Pet-pill problem known, suit says
BY: MICHAEL LIPKIN ARKANSAS DEMOCRAT-GAZETTE
Dr. Holt Pittman, a Helena-West Helena veterinarian, was stumped. At least 100 dogs a year, all taking Heartgard Plus, were still contracting heartworms, a parasite that causes lung disease in dogs, and possibly death.
While some cases stemmed from owners’ skipping doses, many were coming from Pittman’s most diligent clients, he said.
A lawsuit by a former employee of Duluth, Ga.-based Merial, maker of Heartgard, may answer Pittman’s concerns.
Dr. Kari Blaho-Owens, Merial’s former head of “global pharmacovigilance,” alleges that Heartgard has been losing its effectiveness for years, and that Merial executives knew about it. She claims she was fired in July after refusing to destroy documents relating to Heartgard’s effectiveness.
According to the lawsuit, filed last month in the U.S. District Court for the Northern District of Georgia, “Merial has been aware of a serious lack of efficacy” since 2002, even as it continued to market Heartgard as “100 percent” effective. Merial stopped calling Heartgard “100 percent” effective in 2006 after four years of FDA requests, according to the suit. The company did not explicitly state that contracting heartworms was possible while the pet, whether dog or cat, was under properly administered Heartgard, the suit says. It just changed the packaging to say “effective.”
Blaho-Owens also claims the efficacy data Merial submitted for FDA approval of Heartgard weren’t consistent with post-approval reports Merial submitted to the FDA.
Blaho-Owens found that about 20 percent of dogs treated with Heartgard regularly contracted heartworms. “There was no other explanation possible other than product failure,” the lawsuit said.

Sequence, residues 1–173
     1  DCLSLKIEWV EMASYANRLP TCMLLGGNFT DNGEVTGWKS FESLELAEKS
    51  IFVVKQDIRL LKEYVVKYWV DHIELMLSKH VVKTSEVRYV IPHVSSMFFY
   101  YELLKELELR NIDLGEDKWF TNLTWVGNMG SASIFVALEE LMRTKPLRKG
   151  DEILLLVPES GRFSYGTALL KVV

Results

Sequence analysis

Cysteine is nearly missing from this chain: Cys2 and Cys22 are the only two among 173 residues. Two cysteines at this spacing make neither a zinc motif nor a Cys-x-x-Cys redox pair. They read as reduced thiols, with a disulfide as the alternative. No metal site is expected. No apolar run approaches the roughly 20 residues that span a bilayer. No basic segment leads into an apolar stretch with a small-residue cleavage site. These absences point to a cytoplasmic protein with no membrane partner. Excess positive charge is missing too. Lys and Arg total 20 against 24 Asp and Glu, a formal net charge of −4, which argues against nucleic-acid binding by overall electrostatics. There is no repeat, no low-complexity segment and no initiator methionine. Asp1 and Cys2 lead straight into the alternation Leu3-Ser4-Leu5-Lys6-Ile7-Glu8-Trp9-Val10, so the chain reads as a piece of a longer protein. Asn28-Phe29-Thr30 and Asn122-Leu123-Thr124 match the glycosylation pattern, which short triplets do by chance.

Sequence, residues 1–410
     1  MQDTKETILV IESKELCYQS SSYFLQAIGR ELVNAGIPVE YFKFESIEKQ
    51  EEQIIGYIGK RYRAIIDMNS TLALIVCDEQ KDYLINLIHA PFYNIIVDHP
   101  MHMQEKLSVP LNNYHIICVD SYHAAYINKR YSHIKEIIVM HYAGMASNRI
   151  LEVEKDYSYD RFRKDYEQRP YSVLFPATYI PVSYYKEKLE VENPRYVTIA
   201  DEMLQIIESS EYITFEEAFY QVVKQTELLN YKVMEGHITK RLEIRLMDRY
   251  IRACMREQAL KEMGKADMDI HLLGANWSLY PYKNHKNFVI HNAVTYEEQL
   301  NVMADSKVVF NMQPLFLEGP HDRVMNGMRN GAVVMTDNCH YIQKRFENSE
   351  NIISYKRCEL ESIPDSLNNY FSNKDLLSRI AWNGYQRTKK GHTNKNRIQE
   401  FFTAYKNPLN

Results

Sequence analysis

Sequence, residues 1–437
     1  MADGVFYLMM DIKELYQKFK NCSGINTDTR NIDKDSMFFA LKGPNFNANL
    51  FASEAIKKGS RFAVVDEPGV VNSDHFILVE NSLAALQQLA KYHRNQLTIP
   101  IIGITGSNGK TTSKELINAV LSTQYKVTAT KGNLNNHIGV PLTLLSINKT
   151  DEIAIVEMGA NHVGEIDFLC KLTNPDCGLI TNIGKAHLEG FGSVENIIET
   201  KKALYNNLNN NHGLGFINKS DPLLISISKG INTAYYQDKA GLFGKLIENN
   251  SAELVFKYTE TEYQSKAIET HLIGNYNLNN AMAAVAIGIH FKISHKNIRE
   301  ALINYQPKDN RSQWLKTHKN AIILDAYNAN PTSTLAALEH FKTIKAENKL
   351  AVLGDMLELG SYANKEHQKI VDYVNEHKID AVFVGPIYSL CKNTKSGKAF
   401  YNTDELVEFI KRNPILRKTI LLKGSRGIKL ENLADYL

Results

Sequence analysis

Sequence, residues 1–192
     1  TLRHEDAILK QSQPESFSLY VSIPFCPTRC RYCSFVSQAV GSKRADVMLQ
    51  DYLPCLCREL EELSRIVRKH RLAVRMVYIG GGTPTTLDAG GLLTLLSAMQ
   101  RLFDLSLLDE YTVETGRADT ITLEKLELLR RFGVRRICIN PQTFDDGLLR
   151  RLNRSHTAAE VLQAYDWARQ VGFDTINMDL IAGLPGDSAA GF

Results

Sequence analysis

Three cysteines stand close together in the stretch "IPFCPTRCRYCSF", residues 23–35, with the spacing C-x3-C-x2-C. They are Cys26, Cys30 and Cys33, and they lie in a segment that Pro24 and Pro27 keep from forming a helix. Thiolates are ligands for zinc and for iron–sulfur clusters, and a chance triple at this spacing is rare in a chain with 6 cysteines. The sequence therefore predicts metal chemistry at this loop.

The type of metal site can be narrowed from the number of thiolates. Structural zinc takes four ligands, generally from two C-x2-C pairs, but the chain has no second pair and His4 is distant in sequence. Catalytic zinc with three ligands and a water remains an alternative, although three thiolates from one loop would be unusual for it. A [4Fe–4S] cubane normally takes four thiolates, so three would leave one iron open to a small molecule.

Pittman said Merial blamed the problem for years on owners who forgot to give their dogs the beef-flavored medicine once a month.
“We’ve known there’s been a huge problem for years, but what makes me mad is that Merial knew there was a problem, they had a researcher who knew there was a problem, and they were trying to cover it up,” said Pittman, who stopped recommending Heartgard Plus for his patients early this year. “If this was a human product, it’d be on the national news.”
Some dog owners whose pets got heartworms while on Heartgard had their treatments paid for by Merial over the past eight years, Pittman said. Two dogs owned by Erin Collins of Helena-West Helena contracted heartworms within six months of each other last fall. The treatment was too dangerous for her 11-year-old Labrador, but Merial paid the $300 bill for her 3-year-old golden retriever-poodle mix. “Merial stood by their [promise by paying for the treatment], but I wouldn’t use it again. I’ve lost confidence,” Collins, 50, said. She has since switched to ProHeart 6, a twice-yearly injection by Pfizer.
Merial denied in a news release that there were any problems with Heartgard. “As a matter of company policy, we do not comment on the details of pending litigation or on employee-related issues. However, Merial believes we have acted appropriately and responsibly in all matters related to the allegations,” the statement said. “Merial stands by the effectiveness of our products.” The company calls Heartgard the No. 1 “veterinarian-recommended heartworm preventative” on its website.
The Mississippi Delta in particular has seen an increase in heartworm infections in dogs taking preventives such as Heartgard, American Heartworm Society President Dr. Wallace Graham said. Heartworm larvae are carried by mosquitoes, which are plentiful in the Delta.
“In the Delta, with the amount of mosquitoes we have, you have to hit them hard and keep hitting them. You’re just going to have so many larvae in these dogs,” said Dr. Andrea Allbritton, a veterinarian in Lake Village.
But it’s not just the number of heartworm larvae that concern Delta veterinarians. There are a growing number of anecdotal reports suggesting heartworms in South-Central states are resistant to medication, said R. Kelly Schwalbe, a spokesman for the Companion Animal Parasite Council.
Merial knew about this resistance too, Blaho-Owens’ lawsuit claims, and was working to add more drugs to Heartgard to make it more effective.
Credits:Publication: Arkansas Democrat-Gazette; Date: June 21, 2011